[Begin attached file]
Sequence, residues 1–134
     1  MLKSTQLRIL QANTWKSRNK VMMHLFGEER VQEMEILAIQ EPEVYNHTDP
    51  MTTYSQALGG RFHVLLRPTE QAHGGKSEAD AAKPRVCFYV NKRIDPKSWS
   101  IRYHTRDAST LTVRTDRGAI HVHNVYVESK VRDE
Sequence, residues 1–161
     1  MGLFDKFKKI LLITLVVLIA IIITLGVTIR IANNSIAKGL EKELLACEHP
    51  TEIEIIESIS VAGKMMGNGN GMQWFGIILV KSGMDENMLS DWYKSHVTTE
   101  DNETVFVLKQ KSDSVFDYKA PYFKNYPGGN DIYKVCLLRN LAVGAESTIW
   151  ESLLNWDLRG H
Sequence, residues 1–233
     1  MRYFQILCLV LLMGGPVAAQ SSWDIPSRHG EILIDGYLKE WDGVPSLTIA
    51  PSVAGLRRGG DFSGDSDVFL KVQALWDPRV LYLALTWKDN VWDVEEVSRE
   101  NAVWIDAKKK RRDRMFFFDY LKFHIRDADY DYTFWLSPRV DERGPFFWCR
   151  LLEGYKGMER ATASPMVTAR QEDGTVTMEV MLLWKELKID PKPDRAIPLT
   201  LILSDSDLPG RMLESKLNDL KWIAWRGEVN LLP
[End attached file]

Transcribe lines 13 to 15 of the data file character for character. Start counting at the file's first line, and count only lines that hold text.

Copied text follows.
   101  NAVWIDAKKK RRDRMFFFDY LKFHIRDADY DYTFWLSPRV DERGPFFWCR
   151  LLEGYKGMER ATASPMVTAR QEDGTVTMEV MLLWKELKID PKPDRAIPLT
   201  LILSDSDLPG RMLESKLNDL KWIAWRGEVN LLP